Tom Burditt – Lead Ranger, South and East Cumbria

Tom Burditt our lead ranger in south and east Cumbria © National Trust

Tom Burditt our lead ranger in south and east Cumbria

Tom Burditt
Lead Ranger
South and East Cumbria and East Morecambe Bay

Tom Burditt is our lead ranger for south and east Cumbria, and Morecambe Bay.

We asked him a few questions about what he does and why he enjoys working us.

How long have you been a lead ranger?
I joined as a lead ranger back at the start of April 2011, so only two and a half years ago. My wife and I had been coming to Morecambe Bay walking and on holiday for years, so it was a dream location to get a job. My grandfather was a Grimsby trawlerman and so living and working by the sea must be in the blood.

What does your average day look like?
I manage the individual rangers who look after all our fantastic coastal countryside around the edges of Morecambe Bay and up to the southern edges of the Lake District. The variety of the places, and of the work, makes coming to work in the morning a real joy. I never quite know where I'll end up – I genuinely don’t have an average day. My main office is in sunny Silverdale, on the edge of Morecambe Bay, where I could be working on a Woodland Management plan, a boundary dispute or surveying butterflies. Or I could end up discussing grazing management of sand-dunes at Sandscale Haws, on the Lake beach at Fell Foot Park talking to a kayak hire company, patrolling the ancient cliff-top chapel ruins at Heysham trying to prevent anti-social behaviour, or designing welcome boards at Arnside Knott.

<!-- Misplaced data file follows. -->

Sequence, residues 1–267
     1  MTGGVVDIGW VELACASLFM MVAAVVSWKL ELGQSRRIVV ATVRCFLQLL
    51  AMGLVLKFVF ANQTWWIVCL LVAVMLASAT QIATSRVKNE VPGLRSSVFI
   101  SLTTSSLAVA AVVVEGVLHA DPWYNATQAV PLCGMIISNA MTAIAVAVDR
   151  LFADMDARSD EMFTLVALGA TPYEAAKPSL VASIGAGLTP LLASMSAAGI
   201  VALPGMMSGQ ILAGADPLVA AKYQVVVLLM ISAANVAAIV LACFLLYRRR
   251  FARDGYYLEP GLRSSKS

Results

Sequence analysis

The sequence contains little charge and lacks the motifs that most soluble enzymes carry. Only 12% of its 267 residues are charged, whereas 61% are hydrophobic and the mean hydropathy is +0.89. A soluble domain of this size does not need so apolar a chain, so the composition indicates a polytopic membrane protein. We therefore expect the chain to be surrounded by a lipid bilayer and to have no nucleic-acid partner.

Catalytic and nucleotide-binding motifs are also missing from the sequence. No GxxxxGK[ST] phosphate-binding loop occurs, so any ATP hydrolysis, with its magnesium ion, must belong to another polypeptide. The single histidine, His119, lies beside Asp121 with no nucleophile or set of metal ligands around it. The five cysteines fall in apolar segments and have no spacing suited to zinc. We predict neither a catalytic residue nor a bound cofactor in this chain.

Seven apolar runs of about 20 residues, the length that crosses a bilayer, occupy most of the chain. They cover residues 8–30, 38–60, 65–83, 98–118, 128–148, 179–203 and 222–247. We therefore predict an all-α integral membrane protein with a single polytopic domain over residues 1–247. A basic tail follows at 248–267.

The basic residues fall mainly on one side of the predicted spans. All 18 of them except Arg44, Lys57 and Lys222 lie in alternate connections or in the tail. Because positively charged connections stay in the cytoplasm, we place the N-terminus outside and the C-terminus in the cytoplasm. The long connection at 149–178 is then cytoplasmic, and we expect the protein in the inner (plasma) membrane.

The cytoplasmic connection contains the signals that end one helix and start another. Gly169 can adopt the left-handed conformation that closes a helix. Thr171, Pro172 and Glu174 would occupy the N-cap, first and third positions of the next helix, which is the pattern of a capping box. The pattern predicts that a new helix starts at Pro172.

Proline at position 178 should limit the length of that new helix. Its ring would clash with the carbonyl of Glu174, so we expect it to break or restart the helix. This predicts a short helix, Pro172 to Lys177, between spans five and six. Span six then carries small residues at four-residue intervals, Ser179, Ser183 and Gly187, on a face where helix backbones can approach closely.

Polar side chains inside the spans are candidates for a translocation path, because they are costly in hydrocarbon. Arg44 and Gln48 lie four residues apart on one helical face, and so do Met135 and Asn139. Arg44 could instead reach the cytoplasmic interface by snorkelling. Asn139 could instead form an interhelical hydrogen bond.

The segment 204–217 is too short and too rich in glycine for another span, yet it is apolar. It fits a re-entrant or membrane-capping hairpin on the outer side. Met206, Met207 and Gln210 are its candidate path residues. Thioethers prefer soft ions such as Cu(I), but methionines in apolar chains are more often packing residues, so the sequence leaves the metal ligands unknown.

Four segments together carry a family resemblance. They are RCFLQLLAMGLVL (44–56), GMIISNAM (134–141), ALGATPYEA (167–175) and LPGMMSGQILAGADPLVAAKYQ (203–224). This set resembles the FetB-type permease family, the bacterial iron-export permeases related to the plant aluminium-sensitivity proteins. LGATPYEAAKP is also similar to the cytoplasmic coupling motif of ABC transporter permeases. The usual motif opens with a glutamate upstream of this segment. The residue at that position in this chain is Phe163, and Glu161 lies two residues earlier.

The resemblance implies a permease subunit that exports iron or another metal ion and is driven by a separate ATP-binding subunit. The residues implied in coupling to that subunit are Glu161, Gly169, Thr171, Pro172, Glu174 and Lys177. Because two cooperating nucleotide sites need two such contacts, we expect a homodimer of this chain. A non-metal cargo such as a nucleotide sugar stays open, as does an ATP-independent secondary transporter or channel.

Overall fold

What are the best and worst parts of your job?
The best part of the job is definitely being out on site and simply chatting to visitors, sharing what we both love about these amazing places, or maybe just standing in silence enjoying the view. The worst part is probably getting a phone call about an urgent crisis that requires dropping everything else and heading out, even if I am at home or not at work. It could be clearing up and broken bottles after an all-night party, having to rig up emergency repairs to a gate or a wall, or maybe being told that Heysham’s coastal Barrows are on fire.

What is your favourite coastal location?
This is a really difficult one because the places on my patch are all so special. Probably the one that stands out for me though is the setting of the ruins of St Patrick’s Chapel at Heysham, especially at sunset on a low-tide. It is a genuinely spine-tingling location because you can feel the 1500 years of history; the colours as the sun catches the creeks and pools of Morecambe Bay’s muds are magical; and the crying of the curlews and oystercatchers dredges up emotions from deep inside.
I also love the Northumberland Coast – happy memories of family holidays, eider ducks and diving gannets.

How has your love of the coast shaped your work as a lead Ranger?
My love of the coast drew me to the area and the job in the first place, so it’s been really instrumental. But I hope that my love of coastal places means that I can see our sites in the same way as our visitors see them. I can understand why they come and what they want to experience – it is fairly light touch because the wildlife, landscapes and views speak for themselves and don’t need ruining or overcomplicating by lots of interventions. It is about good management, providing good paths, access points and information to enable people to enjoy the places as they are meant to be, to simply experience the wonder of the coast and to get lost in their own thoughts.